Island of Gozo - Advantages of Relocating to a small island
Jewels from Gozo, Malta
Living in Gozo has its advantages when you come to think of it. Some people would say that living on an island the size of Gozo, only 9 miles by 5 would make them feel like living in a prison, marooned and shut off from the rest of the world. Well they are entitled to their opinion of course. It may have been so way back in the early 19th C when air transport was non-existent but it is obviously not the case any more. Times change and perceptions change too.
Nowadays, people who know about Gozo look on Gozitans with a faint twinge of jealousy perhaps, because here, the inhabitants enjoy many advantages, blessings if you like. Those who visit Gozo for the first time become immediately aware of its redeeming features. I think that there is no need to mention the beautiful central mediterranean climate with our prevailing numerous days of sunshine (well over 300 in a year) which we even enjoy in January and February which are the coldest and rainy months.
1. One is conscious of the clean-air environment as soon as one disembarks from the Gozo Channel ferry at Mgarr. The circulating fresh air prevails on the island of Gozo as a result of its small size and owing to the fact that every slight breeze tends to sweep clean the atmosphere from one end of the island to the other.
2. The tranquil way of life of the inhabitants. They are as energetic and active as they come, but they tend to go about their business with ease and take life at a leisurely pace. Observe the attitude of the car drivers. Even when caught up in a slow-moving line of traffic* they do not swear at one another and you do not hear the angry honking of horns. They let the pedestrians use the zebra-crossings as they should and they give way to other cars coming out of the side streets. I drive in Gozo all the time because I live there and I have repeatedly noted with satisfaction this 'tolerant' attitude of the local drivers (bless them).
*(yes, this happens in Gozo too, once in a while and especially on some week-ends when people from Malta, the sister Island cross over for a quiet break)
3. In a small island like Gozo, people are not hindered by distances. One can go anywhere in 10 minutes at the most. I know that some people abroad have to travel 2 hours to their place of work and back every day. That makes their work day 12 hours long, poor guys. Many people here have their own car and they only use it to go from one village to the other since in any one locality people go on foot or sometimes they use a bicycle. Environmentally speaking, I would wish to see more people using bicycles in Gozo because they are really very practical. Besides nowadays we have quite a satisfactory public bus service.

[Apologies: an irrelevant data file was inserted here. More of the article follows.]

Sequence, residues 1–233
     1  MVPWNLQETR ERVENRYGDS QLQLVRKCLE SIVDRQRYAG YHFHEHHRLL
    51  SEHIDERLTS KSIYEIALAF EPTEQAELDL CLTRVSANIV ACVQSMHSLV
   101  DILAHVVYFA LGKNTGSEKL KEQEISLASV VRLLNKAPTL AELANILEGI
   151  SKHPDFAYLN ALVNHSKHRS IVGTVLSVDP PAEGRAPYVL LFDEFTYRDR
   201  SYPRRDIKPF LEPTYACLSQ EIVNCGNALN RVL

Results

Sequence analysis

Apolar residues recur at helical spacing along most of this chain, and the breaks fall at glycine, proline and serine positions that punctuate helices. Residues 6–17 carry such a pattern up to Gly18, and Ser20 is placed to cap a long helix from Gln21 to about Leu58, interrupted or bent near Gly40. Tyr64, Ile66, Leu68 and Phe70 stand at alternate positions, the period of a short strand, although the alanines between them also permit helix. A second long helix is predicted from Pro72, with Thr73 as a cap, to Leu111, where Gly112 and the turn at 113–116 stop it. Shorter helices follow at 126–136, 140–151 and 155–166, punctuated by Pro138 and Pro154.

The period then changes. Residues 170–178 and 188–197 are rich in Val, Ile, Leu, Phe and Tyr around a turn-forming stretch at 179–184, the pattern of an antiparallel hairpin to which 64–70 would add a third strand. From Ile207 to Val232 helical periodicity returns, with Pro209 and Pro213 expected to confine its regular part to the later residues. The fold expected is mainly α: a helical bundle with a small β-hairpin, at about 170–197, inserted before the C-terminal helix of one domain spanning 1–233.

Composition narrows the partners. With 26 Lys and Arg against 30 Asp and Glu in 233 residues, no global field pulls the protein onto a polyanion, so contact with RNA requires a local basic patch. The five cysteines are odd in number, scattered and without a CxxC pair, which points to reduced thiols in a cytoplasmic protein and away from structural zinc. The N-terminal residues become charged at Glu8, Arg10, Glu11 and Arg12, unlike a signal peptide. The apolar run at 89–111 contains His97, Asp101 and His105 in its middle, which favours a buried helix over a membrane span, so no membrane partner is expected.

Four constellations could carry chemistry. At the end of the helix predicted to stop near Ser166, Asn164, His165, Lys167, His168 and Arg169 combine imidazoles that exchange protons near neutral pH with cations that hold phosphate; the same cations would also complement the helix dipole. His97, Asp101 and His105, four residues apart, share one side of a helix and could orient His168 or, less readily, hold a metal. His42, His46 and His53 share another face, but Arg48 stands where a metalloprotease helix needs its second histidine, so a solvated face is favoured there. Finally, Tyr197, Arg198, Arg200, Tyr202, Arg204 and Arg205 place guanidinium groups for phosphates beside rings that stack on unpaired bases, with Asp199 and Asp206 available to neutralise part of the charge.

4. In Gozo the villages are still separate from one another by relatively vast stretches of countryside. Apart from the primeval appearance and beauty this gives to the island, it implies that many folk from the villages still have enough space to practise part-time agriculture resulting in fresh produce in the local market every day. It is a treat to go for a morning stroll to the market in Victoria and see and smell the freshly-picked green vegetables, the apettizing red tomatoes and many kinds of other fruit. Some items are imported but nothing beats the Gozo products for their taste and goodness. Everybody knows that. The same goes for meat and fish. The villages of Xewkija, Gh'Sielem and the only seaport of Mgarr are synonymous with the fishing industry and some of the residents of these localities are full-time fishermen. They supply the market with their fresh catches although again some varieties are imported.
And I must not leave out our beautiful beaches, creeks and inlets. All picturesque, some sandy and others rocky and each of them safe and excellent for swimming and snorkeling. Ramla Bay, Dwejra and Hondoq ir-Rummien are three popular beaches which are still almost untouched by human hand while Marsalforn and Xlendi are well-developed for tourism with Hotels and self-catering flats, etc.
5. Living on a small island implies always having people that you know around you, not just your relatives and your closest friends but the men and women you work with, people that you know only by sight and all sorts of other acquaintances. It's almost like living in a large extended family and hence as a general rule the great majority of the towns-folk perhaps subconsciously tries to stick to the inbred rules of the social circle. Which is a good thing, in my opinion since there is less underhand activities and more harmony. In the big cities no one knows anybody else or cares about anybody else. Nobody nods at you as you brush shoulders on the sidewalks much less smiles a good-morning at you. I was in Palermo once and I saw a man who got hit by a car on a busy street. The poor man fell to the ground and the car kept going. I ran to his help and assisted him to the pavement. Luckily he was not badly hurt but what astonished me most was the fact that nobody else offered to lend a hand. They just looked on as if they just couldn't care less. At least that's what I was led to think.
Living in a somewhat close community might be considered a harassment by some people who are used to live in the big cities, but for myself I accept these little benefits as godsent gifts. Nowadays, in this chaotic existence of construction, congestion and noise, peace and quiet are the most sought-after qualities in a place of residence. The crime rate here in Gozo is non-existent. You see people sitting in the cafes having a relaxing break chatting with friends knowing that their young children are safe playing merrily in the streets.
I consider myself very lucky to be living in the tranquil surroundings of the small Island of Gozo.
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